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Verbal categories. Holger Diessel University of Jena holger.diessel @uni-jena.de http://www.holger-diessel.de/. Valency. Intransitive verbs Transitive verbs Ditransitive verbs. Verbal categories. tense aspect mood. Tense. past. present. future. Absolute tense

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verbal categories

Verbal categories

Holger Diessel

University of Jena

[email protected]

http://www.holger-diessel.de/

valency
Valency
  • Intransitive verbs
  • Transitive verbs
  • Ditransitive verbs
verbal categories1
Verbal categories
  • tense
  • aspect
  • mood
tense
Tense

past

present

future

Absolute tense

Peter is working Present

Peter was working Past

Peter has been working Present Perfect

Peter will be working Future 1

Relative tense

Peter had been working (before he went to bed) Past Perfect

Peter will have finished work (when you come) Future 2

tense1
Tense

He will come. Future ‘will’

He is gonna come. Future ‘gonna’

He is coming. Progressive

They will leave when he comes. Present

He is about to leave. ‘is about to’

tense2
Tense

Latin (IE)

voc-ō ‘I call / I am calling’ PRESENT

voc-ābam ‘I was calling / I used to call’ PAST

voc-ābō ‘I will call’ FUTURE

voc-āvi ‘I called / I have called’ PERFECT

voc-āveram ‘I had called’ PAST PERFECT

voc-āverō ‘I will have called’ FUTURE PERFECT

aspect
Aspect

(1) I have gotten a letter from Sue.

(2) I was working.

perfective

imperfective

lexical aspect
Lexical aspect
  • dynamic – non-dynamic
  • durative - punctual
  • telic – atelic
  • inchoative - resulative
lexical aspect1
Lexical aspect

verbs

[-dynamic] [+dynamic]

[-telic] [+telic]

[-durative] [+durative] [-durative] [+durative]

states semelf. activities achievement accomplish.

lexical aspect2
Lexical aspect

(1) She hated ice cream. (State)

(2) The gate banged. (Semelfactive)

(3) Your cat watched those birds. (Activity)

(4) The cease-fire began at noon yesterday. (Achievement)

(5) Peter painted the door red. (Accomplishment)

slide11
Mood
  • subjunctive
  • imperative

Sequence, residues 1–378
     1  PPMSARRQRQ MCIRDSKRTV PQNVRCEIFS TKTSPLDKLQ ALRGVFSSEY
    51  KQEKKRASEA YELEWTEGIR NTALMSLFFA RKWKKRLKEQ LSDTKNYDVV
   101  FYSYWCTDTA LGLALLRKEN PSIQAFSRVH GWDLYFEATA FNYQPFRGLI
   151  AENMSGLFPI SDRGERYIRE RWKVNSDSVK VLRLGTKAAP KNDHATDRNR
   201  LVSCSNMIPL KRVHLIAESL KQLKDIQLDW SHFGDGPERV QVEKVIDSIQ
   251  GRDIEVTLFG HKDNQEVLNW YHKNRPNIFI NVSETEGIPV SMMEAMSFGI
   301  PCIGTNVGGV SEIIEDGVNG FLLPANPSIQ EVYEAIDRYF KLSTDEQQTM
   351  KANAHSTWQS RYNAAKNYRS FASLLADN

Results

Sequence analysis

• hortative
  • interrogative
slide12
Mood

(1) Er kommt zur Party.

(2) Er sagt er komme (käme) zur Party.

(3) Wenn er zur Party käme, …

(1) I insist that we reconsider the Council’s decision.

(2) The employees demand that he resign.

(3) I suggest that you be President.

(4) If she were leaving you would have heard about it.

(5) I wish I were you.

slide13
Mood
  • deontic modality
  • epistemic modality

(1) Peter must go.

(2) That must be right.

slide14
Mood

Imperative:

(1) Give me the key.

(2) Gib mir den Schlüssel.

(3) Geben Sie mir den Schlüssel.

Hortative:

(1) Let’s go to the movies.

slide15
Mood

Interrogative:

Japanese

(1) Kore wa hon desu yo

This TOP book is DECL

This is a book.’

(2) Kore wa hon desu ka

This TOP book is Q

‘Is this a book?’

other verbal categories
Other verbal categories
  • person
  • voice
  • causative
  • negation
  • direction
other verbal categories1
Other verbal categories

Swahili (Niger-Congo) PERSON

(1) a-li-ni-piga

3SG.SUBJ-PST-1SG.OBJ-hit

‘He/she hit me.’

English (IE) PASSIVE

(1) Peter kicked the ball.

(2) The ball was kicked (by Peter).

other verbal categories2
Other verbal categories

Turkish (Turkic) CAUSATIVE

(1) Hasan öl-dü.

Hasan die-PST

‘Hasan died.’

(2) Ali Hasan öl-dür-dü.

Ali Hsan die-CAUSE-PST

‘Ali killed Hasan.’

other verbal categories3
Other verbal categories

Maasai (Nilo-Saharan) NEGATION

(1) m-a-rany

NEG-1S-sing

‘I do not sing.

German (IE) DIRECTION

(1) hin-/her-bringen

hin-/her-stellen

hin-/her-laufen

hin-/her-legen

hin-/her-schwimmen

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